“I tried to create something, but she found this b4-Ne1 plan, and it looks like it’s just equal. Maybe I should have played 22…b4 myself instead of 22…g6,” Lagno explained after the game.

After that, it was Kiolbasa who could have had a chance had she found 28.Nd3! but low on time Oliwia went for the clear-cut 28.Rd1-d7, and a draw was soon agreed upon.  

Lagno was kind enough to talk to us after the game. “It’s a hard tournament, everybody is tired already. But there is still one game to go, and I should stay concentrated.”

When asked about the added stress of playing for the two Candidate spots, Lagno explained that she was trying to concentrate on the games. “I try not to think about it too much, and I don’t think it affects my play, but I see that everybody is very tired already, and that’s why we are probably seeing some blunders.”

GM Dzagnidze, Nana vs IM Mammadzada, Gunay (0.5-0.5)

Dzagnidze tried to surprise her opponent in the opening with the offbeat 4.h3 idea in a Delayed Alapin Sicilian. The point is to play 5.Bd3-c2 and further on advance d2-d4 but preventing the pin on g4.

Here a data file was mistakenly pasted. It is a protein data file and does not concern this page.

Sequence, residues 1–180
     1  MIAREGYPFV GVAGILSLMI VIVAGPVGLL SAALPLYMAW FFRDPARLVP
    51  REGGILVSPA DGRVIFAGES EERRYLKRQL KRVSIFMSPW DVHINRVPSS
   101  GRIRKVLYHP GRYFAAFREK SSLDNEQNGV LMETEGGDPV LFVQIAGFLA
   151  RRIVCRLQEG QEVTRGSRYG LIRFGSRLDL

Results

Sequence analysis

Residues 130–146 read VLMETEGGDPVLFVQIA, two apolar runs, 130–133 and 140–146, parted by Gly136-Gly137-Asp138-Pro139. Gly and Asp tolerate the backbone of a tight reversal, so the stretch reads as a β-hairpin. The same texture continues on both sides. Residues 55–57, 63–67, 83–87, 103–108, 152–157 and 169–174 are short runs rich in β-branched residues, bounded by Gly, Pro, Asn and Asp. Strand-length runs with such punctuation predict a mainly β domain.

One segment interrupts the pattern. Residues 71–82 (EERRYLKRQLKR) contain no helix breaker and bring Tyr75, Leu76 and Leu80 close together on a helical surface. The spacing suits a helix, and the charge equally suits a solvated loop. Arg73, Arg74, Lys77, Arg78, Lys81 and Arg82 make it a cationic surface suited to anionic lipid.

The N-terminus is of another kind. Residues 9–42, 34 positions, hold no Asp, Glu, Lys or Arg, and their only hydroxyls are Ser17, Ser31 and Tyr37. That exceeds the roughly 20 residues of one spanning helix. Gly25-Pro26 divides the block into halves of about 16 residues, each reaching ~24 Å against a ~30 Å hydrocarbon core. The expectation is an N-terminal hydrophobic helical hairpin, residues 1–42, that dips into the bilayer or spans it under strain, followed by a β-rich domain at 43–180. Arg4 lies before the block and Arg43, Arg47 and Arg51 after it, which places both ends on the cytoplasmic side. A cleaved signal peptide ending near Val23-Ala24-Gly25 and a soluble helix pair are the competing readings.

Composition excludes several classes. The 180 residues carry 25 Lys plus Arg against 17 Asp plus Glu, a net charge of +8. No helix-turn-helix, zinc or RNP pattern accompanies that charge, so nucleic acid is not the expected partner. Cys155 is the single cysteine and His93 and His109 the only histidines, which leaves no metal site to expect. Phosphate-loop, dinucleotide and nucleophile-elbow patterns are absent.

As expected, Mammadzada didn’t fall for 4…Nxe4?? 5.Qa4+, winning the knight, and instead played very sensibly to finish her development. The position was relatively new to both players, and they consumed a lot of time on the clock. 

After some tactical complications, Mammadzada forced the exchange of queens and isolated Dzagnidze’s d-pawn: she had a small advantage in the endgame, but it wasn’t enough to win. 

GM Kosteniuk, Alexandra vs IM Shuvalova, Polina (0.5-0.5)

In one of the most fashionable lines of the Sicilian Four Knights, and after spending nearly fifteen minutes of thinking time, Kosteniuk recovered an old idea and played 18.Kg3, in a position in which most grandmasters choose 18.Rd1. 

Unimpressed, Shuvalova took the bull by the horns and lashed out a Benko-style pawn gambit with 18…g5!? followed by 19…h6, achieving great dynamic play for the pawn. There followed twenty moves of deep manoeuvring, in which Shuvalova gradually improved her pieces while Kosteniuk tried to do something with her extra pawn.

They eventually reached a status quo: there didn’t seem to be a way to progress. So Kosteniuk sacrificed the exchange for a second pawn with 47.Rhxe4 and pressed for a win until move 95, when a draw was finally agreed. 

Text: IM Michael Rahal (Nicosia, Cyprus)

Photos: Mark Livshitz